Okay, there are lots of types of employment hurdles to jump through. At one job interview the interviewer in the late 1960s-early 1970s asked me my religion and told me I look like a specific ethnic group. Why was that important to him? Hey, I'm admixed with a lot of ethnic groups and a lot of different faiths. So I picked a faith that included them all--Unitarianism. Fine. Then I was asked how fluent I was in various languages. And I only had four years of a different language, since all we spoke at home was English. He wanted someone bilingual.

 

Okay, that's understandable. The moral of the story is that it was the typing course I took in the 7th grade that gave me the skill in demand that allowed me to get paid work in the 1970s when I needed paid work. Not the graduate degree in writing because my writing is daily but unpaid, and that's okay with me now at this particular moment.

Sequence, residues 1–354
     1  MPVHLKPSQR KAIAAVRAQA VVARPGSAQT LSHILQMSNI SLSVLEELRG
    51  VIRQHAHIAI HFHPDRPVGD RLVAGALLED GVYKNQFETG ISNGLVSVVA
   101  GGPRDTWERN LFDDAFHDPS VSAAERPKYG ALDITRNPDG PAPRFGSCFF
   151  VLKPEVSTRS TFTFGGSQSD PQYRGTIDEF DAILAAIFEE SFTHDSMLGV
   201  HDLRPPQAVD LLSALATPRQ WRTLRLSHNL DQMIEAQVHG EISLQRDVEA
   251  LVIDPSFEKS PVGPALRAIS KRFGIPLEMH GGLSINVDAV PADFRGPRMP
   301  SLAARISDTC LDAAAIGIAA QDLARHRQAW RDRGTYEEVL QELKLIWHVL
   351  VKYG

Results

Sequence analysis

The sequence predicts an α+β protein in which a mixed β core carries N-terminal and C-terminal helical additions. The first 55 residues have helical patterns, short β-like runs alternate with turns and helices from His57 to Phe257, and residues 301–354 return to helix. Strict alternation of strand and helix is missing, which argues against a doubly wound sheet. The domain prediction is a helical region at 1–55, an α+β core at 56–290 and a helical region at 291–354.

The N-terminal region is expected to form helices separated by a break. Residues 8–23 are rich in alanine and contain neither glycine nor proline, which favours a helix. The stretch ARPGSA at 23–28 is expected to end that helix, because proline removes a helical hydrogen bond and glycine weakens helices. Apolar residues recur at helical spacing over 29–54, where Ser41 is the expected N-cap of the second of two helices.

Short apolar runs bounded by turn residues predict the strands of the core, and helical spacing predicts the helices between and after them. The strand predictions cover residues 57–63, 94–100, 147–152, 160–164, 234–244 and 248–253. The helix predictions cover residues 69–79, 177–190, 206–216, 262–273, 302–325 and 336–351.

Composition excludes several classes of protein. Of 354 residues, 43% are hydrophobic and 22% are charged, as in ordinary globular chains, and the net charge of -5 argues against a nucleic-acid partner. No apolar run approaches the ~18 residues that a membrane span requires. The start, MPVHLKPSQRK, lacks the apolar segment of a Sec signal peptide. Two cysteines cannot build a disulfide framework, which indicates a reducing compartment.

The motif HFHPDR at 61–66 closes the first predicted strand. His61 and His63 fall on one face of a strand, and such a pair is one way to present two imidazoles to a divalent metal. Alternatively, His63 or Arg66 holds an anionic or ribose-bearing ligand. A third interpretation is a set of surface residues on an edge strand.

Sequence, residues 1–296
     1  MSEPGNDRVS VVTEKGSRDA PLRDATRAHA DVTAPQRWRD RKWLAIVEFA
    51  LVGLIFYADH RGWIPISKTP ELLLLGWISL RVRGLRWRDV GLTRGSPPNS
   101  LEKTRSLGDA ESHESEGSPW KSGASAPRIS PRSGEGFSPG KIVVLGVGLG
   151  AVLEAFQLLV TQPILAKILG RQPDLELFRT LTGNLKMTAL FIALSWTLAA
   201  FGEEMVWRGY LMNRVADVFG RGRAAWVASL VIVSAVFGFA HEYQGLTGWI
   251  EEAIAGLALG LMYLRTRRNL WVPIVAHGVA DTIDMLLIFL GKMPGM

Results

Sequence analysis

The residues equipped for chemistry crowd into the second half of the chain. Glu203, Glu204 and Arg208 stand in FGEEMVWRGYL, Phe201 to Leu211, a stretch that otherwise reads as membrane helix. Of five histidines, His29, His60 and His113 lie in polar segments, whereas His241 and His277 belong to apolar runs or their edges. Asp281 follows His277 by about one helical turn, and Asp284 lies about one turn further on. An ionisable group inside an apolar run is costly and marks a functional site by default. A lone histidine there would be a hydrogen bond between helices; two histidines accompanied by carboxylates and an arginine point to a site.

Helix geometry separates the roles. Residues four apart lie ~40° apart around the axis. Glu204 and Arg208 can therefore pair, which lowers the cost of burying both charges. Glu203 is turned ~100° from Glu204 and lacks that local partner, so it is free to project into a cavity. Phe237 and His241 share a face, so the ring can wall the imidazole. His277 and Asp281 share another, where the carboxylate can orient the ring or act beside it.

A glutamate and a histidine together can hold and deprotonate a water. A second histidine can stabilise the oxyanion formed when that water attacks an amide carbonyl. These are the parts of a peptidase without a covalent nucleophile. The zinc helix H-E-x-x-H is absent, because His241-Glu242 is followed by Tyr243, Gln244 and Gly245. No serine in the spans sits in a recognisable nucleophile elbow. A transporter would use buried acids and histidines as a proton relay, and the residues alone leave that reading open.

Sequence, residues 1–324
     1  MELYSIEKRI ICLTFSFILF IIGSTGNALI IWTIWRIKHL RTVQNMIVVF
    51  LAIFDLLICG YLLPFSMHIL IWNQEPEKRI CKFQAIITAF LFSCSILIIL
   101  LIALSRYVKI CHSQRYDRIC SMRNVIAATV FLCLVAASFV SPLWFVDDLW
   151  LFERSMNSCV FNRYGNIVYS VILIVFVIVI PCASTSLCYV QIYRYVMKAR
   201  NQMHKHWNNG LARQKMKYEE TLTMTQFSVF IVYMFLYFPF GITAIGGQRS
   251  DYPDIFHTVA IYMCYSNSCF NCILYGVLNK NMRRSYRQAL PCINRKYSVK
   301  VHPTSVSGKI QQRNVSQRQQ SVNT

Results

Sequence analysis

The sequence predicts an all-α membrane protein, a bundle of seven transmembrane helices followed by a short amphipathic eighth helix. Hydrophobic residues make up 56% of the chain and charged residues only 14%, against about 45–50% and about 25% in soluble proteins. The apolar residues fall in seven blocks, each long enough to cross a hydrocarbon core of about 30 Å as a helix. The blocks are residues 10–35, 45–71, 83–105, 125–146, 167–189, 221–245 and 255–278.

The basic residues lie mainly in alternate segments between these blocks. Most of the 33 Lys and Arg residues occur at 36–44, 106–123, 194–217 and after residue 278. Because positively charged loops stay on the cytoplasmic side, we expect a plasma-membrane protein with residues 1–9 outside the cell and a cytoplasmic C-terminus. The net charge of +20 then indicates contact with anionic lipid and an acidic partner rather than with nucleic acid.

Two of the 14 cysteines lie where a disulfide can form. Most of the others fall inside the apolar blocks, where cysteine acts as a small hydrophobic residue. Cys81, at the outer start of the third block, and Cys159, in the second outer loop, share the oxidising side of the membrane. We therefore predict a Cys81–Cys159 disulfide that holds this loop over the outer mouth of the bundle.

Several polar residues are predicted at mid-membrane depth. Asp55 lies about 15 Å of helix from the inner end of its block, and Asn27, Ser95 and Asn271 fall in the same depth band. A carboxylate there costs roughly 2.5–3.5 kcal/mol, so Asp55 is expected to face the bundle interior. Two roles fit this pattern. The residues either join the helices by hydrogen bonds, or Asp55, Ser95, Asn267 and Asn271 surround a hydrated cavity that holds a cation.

Sometimes a diploma has a sticker shock about it when it comes to the wish of holding the same job for 50 years like some of my family members did in the 1940s.

 

Seems a lot more people are trained for their dream jobs (writing lots of novels and stories or plays). But when it comes time to make a living, a skill learned in middle school that can be transferred to all types of companies could get you a job, even if the job is temporary. Of course, there's always flipping burgers. But I'm a vegan who likes a job where I can sit down at a desk when I need to.

 

How many college graduates today also are saying they have a lot of degrees but a transferable skill they learned in middle school got them employed? You're hired when you pose the least financial risk to the boss. Interestingly, you're hired when you can solve problems that get measurable results in ways others can easily follow, step-by-step. And if you want experience, often you have to drum it up yourself by solving some problem while enhancing your own creativity, purpose, and direction.